My absolutely favorite opera singer, Dawn Upshaw, was supposed to perform with the Portland Symphony this weekend and I was going to pay a pretty penny to see her- it was going to be inspirational and motivational. Alas, she cancelled the concert, so I will have to find encouragement from her recordings which are numerous and sublime. She was going to sing a very varied program starting with Benjamin Britten’s Les Illuminations and ending with Bernstein, Gershwin, and Sondheim songs! Even this choice of idol is yet another clue that I too belong singing both genres, as she does so frequently and brilliantly. Dawn Upshaw is my favorite for many reasons. She sings everything exquisitely and with great feeling, theatricality, musicality and perfect diction. Her operatic singing is glorious. (I think my favorite is her recording of “No word from Tom” from Stravinsky’s The Rake’s Progress. I knew the minute I heard it that I had to someday sing that aria. Little did I know how devilishly hard it is- she makes it seem ridiculously easy.) She sings Musical Theater equally well and best of all, with a perfect sense of the STYLE. One of my biggest pet peeves is an opera singer who sings Musical Theater as if it were opera. ARGH! (Renee Fleming comes to mind. Her “I could have danced all night” is just wrong. But her “Ain’t it a pretty night” from Floyd’s Susannah is very beautiful and expressive. This kind of American music she understands.) Ms. Upshaw seems to take great joy in the uniquely American qualities of Musical Theater; the phrasing, the diction and theatricality. She always sounds like she is having fun while singing- what a wonderful quality!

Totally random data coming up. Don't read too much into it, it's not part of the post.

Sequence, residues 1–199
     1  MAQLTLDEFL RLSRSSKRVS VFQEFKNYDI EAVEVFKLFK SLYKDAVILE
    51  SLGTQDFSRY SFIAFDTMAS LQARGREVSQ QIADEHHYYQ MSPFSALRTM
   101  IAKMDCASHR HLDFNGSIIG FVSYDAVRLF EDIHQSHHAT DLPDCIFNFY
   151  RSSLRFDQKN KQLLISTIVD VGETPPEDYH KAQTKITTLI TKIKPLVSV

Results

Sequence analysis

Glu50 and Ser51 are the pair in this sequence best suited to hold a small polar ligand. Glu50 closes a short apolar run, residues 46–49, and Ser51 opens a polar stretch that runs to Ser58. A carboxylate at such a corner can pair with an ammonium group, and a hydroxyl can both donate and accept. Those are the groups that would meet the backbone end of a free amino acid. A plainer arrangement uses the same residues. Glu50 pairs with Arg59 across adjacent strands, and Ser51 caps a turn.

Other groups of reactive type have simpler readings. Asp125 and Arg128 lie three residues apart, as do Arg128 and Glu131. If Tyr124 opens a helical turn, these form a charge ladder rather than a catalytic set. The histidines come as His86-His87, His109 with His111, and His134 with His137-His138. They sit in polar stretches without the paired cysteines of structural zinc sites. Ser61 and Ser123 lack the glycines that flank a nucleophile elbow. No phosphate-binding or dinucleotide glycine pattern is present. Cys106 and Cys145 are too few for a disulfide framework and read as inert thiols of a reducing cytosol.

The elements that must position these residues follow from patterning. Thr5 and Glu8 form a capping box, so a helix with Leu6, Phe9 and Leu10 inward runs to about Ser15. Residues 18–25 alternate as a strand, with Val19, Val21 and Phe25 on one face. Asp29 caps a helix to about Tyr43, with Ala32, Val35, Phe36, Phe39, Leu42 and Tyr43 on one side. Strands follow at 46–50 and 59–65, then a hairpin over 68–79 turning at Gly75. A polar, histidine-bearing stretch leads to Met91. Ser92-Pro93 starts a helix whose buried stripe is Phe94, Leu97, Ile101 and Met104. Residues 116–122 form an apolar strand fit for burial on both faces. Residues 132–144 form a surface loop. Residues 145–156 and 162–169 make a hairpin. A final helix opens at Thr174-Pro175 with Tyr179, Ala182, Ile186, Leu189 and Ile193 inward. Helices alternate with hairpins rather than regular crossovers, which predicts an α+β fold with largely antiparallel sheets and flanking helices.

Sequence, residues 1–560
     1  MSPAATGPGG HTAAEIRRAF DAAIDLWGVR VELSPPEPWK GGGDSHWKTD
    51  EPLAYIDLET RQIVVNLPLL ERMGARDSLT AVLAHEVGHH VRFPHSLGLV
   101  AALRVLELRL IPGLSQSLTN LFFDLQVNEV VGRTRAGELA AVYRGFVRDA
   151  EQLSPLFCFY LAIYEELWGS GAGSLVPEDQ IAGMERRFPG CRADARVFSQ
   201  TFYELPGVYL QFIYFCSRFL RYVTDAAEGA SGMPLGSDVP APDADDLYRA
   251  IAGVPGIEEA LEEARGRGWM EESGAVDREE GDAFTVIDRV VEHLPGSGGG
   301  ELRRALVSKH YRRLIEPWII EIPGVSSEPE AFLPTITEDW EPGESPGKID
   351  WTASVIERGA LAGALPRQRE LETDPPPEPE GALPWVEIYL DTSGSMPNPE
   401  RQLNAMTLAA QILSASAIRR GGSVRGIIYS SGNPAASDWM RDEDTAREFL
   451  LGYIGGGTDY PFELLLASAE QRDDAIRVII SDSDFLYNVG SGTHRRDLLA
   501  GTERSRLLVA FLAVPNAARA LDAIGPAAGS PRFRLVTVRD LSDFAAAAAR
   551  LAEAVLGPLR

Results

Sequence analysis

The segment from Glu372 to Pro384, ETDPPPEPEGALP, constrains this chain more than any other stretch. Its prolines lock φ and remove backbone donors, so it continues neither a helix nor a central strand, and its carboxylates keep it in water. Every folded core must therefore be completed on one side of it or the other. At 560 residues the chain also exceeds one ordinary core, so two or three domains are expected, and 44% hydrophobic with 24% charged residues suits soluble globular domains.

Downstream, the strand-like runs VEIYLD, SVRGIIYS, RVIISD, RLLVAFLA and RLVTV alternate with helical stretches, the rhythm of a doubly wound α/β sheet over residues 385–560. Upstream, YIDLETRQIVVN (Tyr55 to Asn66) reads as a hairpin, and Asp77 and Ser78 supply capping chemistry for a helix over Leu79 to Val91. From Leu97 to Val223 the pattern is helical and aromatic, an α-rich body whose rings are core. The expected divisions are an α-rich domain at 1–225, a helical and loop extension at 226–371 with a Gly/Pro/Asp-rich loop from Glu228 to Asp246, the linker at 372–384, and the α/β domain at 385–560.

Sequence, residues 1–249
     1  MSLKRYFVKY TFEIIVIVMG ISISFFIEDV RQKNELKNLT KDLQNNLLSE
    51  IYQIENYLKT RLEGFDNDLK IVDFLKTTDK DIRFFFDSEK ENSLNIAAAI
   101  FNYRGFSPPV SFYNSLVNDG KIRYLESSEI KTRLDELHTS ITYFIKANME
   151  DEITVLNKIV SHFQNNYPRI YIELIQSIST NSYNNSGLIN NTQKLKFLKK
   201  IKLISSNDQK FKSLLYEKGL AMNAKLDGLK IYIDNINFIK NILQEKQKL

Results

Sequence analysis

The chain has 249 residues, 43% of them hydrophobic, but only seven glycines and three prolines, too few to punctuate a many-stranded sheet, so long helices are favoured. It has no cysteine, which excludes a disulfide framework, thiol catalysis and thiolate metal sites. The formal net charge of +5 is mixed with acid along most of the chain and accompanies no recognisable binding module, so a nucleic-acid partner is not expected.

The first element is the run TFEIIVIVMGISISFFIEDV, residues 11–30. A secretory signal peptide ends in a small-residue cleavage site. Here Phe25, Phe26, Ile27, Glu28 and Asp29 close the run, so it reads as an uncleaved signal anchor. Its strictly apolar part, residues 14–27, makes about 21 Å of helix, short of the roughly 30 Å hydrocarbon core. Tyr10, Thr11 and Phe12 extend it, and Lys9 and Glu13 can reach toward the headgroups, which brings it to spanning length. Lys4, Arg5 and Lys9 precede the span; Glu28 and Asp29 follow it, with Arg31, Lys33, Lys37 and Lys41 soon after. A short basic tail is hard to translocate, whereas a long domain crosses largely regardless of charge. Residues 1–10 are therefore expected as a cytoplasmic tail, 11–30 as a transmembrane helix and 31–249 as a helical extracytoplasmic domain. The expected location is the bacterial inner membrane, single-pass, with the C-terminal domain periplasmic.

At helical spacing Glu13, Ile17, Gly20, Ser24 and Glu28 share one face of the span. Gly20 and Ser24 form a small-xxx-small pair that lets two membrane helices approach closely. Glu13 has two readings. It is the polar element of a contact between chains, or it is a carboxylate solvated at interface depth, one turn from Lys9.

I confess that some of the very best compliments I have ever gotten on my singing are the rare and amazing times I have reminded people of the great Ms. Upshaw. That makes me feel so wonderful, humble and warm all over. To even be in the same sentence as her is an honor.
I actually met her my freshman year of college when she came to UCI to give a Masterclass. I did not get to sing for her because I was a lowly underclassman. But after the class I got to shake her hand and in my laryngitis-riddled voice thanked her for her insights and her talents.
Thank you, Ms. Upshaw, for always being an inspiration to me.